Friday, December 4, 2009

Gold, is the luster off?

Gold is a timely topic today, as a friend so presciently pointed out yesterday. This morning the SPDR Gold Bullion Trust (GLD) is down 5%. I imagine funds that invest in the miners will see negative 10-12% results today, if the weakness continues into the close. The miner's are very volatile normally, so the result should be expected, though these results have not been observed very much this year. So the question is asked, is today's market seeing a tide change for gold? Is there continued price weakness ahead?

Recently, a detailed analysis of gold and the forces that work for and against it was posted on Financial Sense by Chris Puplava. He is very analytical in his work and uses a lot of charts to illustrate his message. Here is a link to his 11/25/2009 article for those interested in an in depth analysis.
Here is the conclusion he makes, for you bottom liners:

In short, an object in motion tends to stay in motion and that is certainly the case with gold. The bullish supports for gold are far greater than any bearish factors and even a USD rally may not stop gold as was seen in the 1st half of the 05/06 rally and the 2nd half of the 07/08 rally. Given that the IRD (interest rate differential) between the US Fed and other central banks is likely to weaken going forward, it is hard to envision a strong cyclical bull market in the USD that would derail gold. As shown from prior gold advances, gold may move close to the $1,500 an ounce mark before this advance is over, and relative to fiat currencies, the secular bull market in gold may continue until gold hits levels as high as $6,888 to $7,321 an ounce. You’ve heard many times over the past year that “the worst is yet ahead” in reference to the U.S. economy or credit markets. Well, in terms of gold it appears that “the best is yet ahead.”

Also on Financial Sense this morning is a contribution by Julian Philips, a gold bug writing from South Africa. His point is that gold has been recognized for its value as a reserve asset by central banks around the world. The outcome is central banks and sovereign wealth funds have become net buyers. His contention is that they have, until the recent past, been net sellers, seeing no use for maintaining gold balances. That change he contends has big implications for gold in the foreseeable future and even beyond.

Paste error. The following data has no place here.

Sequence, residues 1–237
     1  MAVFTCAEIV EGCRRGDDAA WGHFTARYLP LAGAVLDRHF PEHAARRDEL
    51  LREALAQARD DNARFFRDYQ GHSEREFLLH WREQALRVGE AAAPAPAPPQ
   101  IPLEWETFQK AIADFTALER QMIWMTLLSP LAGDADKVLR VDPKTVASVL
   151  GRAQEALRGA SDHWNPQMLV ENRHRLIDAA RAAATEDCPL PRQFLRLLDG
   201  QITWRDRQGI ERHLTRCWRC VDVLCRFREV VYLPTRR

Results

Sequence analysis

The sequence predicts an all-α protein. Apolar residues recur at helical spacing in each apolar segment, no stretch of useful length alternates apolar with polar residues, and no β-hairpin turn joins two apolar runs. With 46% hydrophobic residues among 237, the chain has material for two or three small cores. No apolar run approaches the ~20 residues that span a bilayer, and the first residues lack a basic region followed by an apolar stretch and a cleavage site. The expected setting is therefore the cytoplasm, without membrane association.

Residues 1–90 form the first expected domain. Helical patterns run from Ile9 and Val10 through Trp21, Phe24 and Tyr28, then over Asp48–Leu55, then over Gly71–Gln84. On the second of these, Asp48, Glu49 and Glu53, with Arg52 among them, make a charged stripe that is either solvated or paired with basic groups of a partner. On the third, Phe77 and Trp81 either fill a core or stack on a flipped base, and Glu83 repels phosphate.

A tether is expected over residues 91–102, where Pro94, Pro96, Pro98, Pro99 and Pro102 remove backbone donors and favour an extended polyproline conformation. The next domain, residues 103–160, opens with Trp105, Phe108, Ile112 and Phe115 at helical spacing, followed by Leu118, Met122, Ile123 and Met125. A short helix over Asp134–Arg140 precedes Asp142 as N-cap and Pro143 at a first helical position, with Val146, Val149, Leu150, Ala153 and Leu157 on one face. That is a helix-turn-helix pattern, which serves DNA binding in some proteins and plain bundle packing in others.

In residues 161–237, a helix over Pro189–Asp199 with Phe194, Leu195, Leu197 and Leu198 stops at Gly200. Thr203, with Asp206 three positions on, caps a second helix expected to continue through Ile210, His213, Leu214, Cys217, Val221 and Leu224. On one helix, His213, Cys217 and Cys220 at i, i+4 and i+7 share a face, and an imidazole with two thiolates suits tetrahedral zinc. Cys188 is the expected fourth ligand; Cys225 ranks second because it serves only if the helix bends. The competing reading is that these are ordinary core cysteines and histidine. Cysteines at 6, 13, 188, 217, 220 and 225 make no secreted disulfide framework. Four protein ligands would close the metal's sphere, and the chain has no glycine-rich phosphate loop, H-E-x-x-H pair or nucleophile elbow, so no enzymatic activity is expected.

These two points of view paint a very positive outlook for the metal. I want to add a little more perspective based on technical observations of gold’s price. My point is that the investor in gold and gold miners needs to have a strong tolerance for price changes. The shares of GLD have seen a very steady increase in value and the common stock of some of the miners have been increasing more which is attributed to having more volatility. One way to observe the difference is the standard deviation number which is an expression of volatility to be expected by the investor. For the uninitiated, the standard deviation is one statistical description that shows the potential price range of your investment asset, and how much it can change over a short time period in either direction. Statiscally, the expected range of returns should include your outcome 68% of the time. The expected range will include your result 95% of the time when you multiply standard deviation by two. According to, GLD has a standard deviation of 21.46. A popular mutual fund that owns gold miners as well as gold bullion and coins has a standard deviation of 44.70, as of Nov. month end. For perspective, the standard deviation of the S&P 500 is 19.77.

Back to my outlook for gold. My suggestion is to use the opportunity from this sudden weakness to build your exposure if you are not yet at the level you want. This may become a trend that takes gold lower still, but wherever the market takes it in the short run, the long term seems to be much higher. Scanner